Research ArticleCANCER

Bacteria-triggered tumor-specific thrombosis to enable potent photothermal immunotherapy of cancer

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Science Advances  14 Aug 2020:
Vol. 6, no. 33, eaba3546
DOI: 10.1126/sciadv.aba3546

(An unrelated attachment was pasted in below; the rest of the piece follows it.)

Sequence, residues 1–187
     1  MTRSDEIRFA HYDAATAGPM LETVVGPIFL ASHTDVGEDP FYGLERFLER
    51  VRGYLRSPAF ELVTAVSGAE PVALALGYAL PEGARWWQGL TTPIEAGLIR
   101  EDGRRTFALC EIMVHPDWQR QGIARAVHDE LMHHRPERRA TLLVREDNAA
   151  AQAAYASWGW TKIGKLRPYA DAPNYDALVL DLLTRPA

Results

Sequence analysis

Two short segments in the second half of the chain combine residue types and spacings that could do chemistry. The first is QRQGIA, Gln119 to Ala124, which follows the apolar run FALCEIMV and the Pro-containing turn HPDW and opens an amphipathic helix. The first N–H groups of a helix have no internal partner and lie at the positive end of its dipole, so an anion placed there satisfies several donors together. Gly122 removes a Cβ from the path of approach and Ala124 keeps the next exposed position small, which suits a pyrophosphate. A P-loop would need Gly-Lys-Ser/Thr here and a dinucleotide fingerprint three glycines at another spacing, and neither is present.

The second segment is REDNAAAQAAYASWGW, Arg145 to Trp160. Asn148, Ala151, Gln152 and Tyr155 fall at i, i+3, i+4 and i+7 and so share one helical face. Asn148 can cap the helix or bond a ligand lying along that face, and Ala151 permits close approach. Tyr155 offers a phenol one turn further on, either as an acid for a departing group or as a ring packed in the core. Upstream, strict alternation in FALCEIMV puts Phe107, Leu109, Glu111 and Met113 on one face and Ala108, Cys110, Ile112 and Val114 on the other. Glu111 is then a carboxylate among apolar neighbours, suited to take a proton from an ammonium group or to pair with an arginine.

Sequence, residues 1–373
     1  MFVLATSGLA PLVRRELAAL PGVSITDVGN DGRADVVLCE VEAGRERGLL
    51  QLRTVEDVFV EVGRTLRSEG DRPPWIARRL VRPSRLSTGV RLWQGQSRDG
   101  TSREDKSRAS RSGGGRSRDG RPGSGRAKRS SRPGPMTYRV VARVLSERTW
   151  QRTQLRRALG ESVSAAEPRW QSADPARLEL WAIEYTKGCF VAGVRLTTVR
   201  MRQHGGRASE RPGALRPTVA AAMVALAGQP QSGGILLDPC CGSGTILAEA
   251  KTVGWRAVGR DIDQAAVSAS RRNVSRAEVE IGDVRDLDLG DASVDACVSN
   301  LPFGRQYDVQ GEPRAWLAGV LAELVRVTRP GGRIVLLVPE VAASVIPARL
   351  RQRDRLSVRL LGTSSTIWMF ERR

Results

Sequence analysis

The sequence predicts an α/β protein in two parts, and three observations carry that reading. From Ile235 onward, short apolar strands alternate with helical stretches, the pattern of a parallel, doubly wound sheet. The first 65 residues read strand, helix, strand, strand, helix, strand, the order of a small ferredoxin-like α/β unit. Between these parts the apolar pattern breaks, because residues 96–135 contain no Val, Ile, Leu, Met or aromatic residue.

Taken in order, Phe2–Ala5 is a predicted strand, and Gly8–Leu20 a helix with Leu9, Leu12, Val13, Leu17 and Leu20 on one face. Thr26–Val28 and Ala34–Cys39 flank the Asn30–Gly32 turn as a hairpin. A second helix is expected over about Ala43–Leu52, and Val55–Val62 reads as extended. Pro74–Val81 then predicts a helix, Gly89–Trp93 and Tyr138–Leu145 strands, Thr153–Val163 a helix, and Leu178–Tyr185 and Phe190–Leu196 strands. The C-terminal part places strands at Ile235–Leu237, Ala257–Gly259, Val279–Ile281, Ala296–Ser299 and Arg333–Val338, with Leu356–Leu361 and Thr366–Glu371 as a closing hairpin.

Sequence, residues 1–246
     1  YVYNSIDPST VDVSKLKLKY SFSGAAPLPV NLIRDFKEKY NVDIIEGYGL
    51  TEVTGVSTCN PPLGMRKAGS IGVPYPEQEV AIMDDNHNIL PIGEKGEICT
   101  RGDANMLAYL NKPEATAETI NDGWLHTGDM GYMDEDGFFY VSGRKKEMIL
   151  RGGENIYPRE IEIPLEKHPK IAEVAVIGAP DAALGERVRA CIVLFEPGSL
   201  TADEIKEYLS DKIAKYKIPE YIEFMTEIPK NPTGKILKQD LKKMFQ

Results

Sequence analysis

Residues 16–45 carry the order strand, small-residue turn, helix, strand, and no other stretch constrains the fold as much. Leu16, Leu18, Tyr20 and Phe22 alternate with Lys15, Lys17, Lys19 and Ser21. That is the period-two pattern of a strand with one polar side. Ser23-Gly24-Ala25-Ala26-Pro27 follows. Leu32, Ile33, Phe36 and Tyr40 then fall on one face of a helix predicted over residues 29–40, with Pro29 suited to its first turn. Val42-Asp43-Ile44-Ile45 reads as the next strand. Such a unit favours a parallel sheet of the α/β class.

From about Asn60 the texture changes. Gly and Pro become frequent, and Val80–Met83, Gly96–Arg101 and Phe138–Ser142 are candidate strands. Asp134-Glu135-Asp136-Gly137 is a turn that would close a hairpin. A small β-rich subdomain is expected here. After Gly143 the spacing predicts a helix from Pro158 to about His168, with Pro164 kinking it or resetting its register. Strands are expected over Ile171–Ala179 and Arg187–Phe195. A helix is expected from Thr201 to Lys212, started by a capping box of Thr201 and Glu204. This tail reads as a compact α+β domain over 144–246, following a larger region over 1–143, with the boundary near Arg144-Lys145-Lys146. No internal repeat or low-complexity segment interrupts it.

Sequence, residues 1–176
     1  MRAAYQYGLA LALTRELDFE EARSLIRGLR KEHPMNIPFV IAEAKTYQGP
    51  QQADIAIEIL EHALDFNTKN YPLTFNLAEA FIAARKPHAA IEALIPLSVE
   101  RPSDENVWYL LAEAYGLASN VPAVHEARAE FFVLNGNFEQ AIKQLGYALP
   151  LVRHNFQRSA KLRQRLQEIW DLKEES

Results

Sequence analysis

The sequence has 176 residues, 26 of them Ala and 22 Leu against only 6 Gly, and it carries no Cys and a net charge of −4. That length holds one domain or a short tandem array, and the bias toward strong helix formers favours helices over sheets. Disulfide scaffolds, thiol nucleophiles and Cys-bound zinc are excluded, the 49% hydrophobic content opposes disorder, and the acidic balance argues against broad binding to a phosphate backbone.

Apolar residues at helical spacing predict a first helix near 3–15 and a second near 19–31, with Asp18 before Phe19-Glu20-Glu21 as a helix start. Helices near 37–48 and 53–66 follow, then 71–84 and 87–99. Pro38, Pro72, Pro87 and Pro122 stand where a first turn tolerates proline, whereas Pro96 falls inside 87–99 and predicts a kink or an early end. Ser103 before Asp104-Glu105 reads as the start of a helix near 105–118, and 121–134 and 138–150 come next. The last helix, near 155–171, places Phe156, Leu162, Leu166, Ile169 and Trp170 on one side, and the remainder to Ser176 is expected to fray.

We discovered that attenuated Salmonella after intravenous injection would proliferate within various types of solid tumors but show rapid clearance in normal organs, without rendering notable toxicity. Bacteria-induced inflammation would trigger thrombosis in the infected tumors by destroying tumor blood vessels. Six types of tested tumors would all turn into darkened color with strong near-infrared absorbance, as observed by photoacoustic imaging. Under laser irradiation, those bacterial-infected tumors would be effectively ablated. Because of the immune-stimulation function, such bacteria-based photothermal therapy (PTT) would subsequently trigger antitumor immune responses, which could be further enhanced by immune checkpoint blockade to effectively suppress the growth of abscopal tumors. A robust immune memory effect to reject rechallenged tumors is also observed after bacteria-based PTT. Our work demonstrates that bacteria by themselves could act as a tumor-specific PTT agent to enable photoimmunotherapy cancer therapy to inhibit tumor metastasis and recurrence.

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